Not all hotel restaurants are created equal. A great many are best left unmentioned, with their sad, lifeless burgers and their Italian-saddening pasta dishes. We, though, are quite blessed. Los Angeles is home to many restaurants that warrant a visit whether you’re staying at the property or not.
The iconic Beverly Hills Hotel is more than just a place to Instagram those millennial pink walls and palm fronds. Whether or not you have a Bentley like the one parked out front, head downstairs to the Polo Lounge and get a booth on the patio for brunch.
Bizarro decor is only one of the perks of dining at the SLS Hotel Beverly Hills. Chef José Andrés serves modern and traditional tapas inside the Philippe Starck-designed space.
Surprise to no one: wine and Northern Italian food make a good pairing. Throw in the culinary chops of James Beard nominee chef Mirko Paderno, and you have more than enough reason to make your way to Four Seasons.
Ari Taymor’s restaurant at The Standard checks a lot of boxes. Chic decor. Great food. Solid cocktails. The burger—dressed with arugula, caramelized onions, aged white cheddar, and a brown butter béarnaise sauce—is a good idea any time of the day.
Probably the most underrated Wolfgang Puck restaurant in Los Angeles. WP24 serves Puck’s take on traditional Chinese food on the 24th floor of The Ritz-Carlton. The only thing that can match the wow factor of the whole roasted Peking duck with steamed bao buns and duck chow fun noodles is the view.
Three words: all day brunch. Get yourself something with an egg on it, like chef Juan Pablo Torre’s 24-hour smoked brisket sandwich. Like sweets? Four more words: warm chocolate ganache croissants.
Another primo patio option. Georgie at the Montage Beverly Hills has something for everyone on the menu from dry aged steaks to fresh pasta. Do yourself a favor and order the table-side martini because life is hard, and you deserve it.
Commissary feels like a secret garden right smack in the middle of Koreatown. Roy Choi’s all-day dining spot is nestled in a greenhouse. Stop by for breakfast and get on the congee with poached egg, peanut, garlic, onion, and sesame.
Channel Elizabeth Taylor and dine inside the hallowed halls of the Chateau Marmont. For a full-on old Hollywood experiences, stick to the Chateau Classics section of the menu, like the escargot and steak frites.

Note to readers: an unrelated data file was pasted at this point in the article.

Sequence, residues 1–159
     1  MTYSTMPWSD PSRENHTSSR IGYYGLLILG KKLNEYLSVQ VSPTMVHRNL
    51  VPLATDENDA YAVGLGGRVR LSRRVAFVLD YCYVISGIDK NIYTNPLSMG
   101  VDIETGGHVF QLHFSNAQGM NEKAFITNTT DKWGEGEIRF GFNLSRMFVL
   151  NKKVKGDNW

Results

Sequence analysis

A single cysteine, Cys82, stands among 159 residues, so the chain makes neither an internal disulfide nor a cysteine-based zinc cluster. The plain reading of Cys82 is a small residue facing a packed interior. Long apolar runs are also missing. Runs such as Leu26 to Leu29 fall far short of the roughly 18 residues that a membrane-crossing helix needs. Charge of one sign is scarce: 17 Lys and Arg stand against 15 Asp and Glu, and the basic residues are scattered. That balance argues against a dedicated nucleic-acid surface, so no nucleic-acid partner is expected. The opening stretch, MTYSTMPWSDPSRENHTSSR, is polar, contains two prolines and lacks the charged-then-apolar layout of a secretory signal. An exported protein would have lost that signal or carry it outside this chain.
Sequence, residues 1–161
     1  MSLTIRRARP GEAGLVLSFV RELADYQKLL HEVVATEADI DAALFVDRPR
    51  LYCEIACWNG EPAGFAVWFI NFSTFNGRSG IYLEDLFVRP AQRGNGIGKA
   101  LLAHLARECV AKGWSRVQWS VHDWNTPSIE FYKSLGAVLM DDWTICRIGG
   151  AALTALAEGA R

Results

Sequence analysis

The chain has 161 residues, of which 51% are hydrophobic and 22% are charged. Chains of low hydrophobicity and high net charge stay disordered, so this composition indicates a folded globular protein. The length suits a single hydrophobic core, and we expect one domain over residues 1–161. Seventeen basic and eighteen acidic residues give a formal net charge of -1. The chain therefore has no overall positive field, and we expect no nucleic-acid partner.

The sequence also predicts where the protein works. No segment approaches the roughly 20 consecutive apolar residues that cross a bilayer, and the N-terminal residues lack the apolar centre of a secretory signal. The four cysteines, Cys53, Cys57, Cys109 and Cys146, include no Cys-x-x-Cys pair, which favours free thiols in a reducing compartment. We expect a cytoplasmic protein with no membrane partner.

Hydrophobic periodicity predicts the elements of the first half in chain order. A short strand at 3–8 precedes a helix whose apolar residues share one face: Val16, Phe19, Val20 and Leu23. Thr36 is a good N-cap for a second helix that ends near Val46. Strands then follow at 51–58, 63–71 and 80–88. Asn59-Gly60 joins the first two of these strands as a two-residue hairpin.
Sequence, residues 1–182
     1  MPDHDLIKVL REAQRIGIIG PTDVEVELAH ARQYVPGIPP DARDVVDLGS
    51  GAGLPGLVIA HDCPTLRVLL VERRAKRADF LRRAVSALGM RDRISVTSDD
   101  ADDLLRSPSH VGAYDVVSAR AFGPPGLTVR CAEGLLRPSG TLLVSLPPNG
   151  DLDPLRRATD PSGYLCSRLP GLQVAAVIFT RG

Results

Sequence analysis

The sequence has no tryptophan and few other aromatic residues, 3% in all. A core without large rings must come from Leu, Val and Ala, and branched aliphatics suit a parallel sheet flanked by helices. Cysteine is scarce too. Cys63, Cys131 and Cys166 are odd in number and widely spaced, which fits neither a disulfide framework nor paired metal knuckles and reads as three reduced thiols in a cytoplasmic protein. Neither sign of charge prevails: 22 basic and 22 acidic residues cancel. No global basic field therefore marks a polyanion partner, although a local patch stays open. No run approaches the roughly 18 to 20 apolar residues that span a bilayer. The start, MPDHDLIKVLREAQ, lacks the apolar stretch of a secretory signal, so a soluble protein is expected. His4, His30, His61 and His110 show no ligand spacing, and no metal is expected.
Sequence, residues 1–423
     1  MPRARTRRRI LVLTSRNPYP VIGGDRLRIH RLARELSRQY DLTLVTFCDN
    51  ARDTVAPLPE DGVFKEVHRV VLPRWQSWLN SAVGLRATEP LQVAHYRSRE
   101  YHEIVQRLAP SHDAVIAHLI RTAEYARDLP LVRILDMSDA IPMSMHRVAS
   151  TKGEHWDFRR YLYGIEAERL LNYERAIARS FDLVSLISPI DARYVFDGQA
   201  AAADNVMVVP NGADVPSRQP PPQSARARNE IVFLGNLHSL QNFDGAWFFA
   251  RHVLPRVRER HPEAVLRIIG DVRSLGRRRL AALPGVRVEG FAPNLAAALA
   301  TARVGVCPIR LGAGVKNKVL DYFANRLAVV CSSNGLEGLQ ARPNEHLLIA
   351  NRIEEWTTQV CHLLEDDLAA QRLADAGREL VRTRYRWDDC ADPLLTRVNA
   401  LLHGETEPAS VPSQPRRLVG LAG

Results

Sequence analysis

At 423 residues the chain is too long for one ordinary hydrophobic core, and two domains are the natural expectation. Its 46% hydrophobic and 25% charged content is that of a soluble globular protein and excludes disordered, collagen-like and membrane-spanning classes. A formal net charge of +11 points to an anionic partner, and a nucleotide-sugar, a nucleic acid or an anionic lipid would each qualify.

If you don’t have time to hop on a plane and fly to Venice, you can sort of get there at Mr. C Beverly Hills. White jacket waiters buzz around the restaurant dropping off signatures like Bellinis and beef carpaccio, which you should absolutely order.
Beach views are definitely a selling point at the Hotel Casa del Mar’s Terraza Lounge. Massive two-story, floor-to-ceiling windows offer guests panoramic views of the ocean that play well with the kitchen’s Mediterranean/Californian cuisine.
Mardi Restaurant has found a way to make ooey, gooey cheese your dinner with its Pommes Aligot. It’s a side dish to go along with plates like rabbit ragout, jumbo skull island prawns, and kale and persimmon salad.
Local, seasonal ingredients are in good hands at FIG thanks to chef Yousef Ghalaini. Swoop on the bread balloon, because how often are you going to get a chance to say bread balloon? FIG’s bread balloon (we’re just going to keep saying it) is dusted with za’atar and served with spreads like hummus, muhammara, and labneh.
Produce gets the spotlight at chef Gary Menes’ 10-seat restaurant, Le Comptoir. Guests seated at the intimate chef’s counter get eight courses of seasonally-driven creations like sweet potato velouté with Greek yogurt and bread crumbs.
More Wolfgang, because this guy knows how to do hotel dining. At the Hotel Bel-Air, guests have the opportunity to have a glamorous take on wiener schnitzel ever thanks to Puck’s Austrian elegance.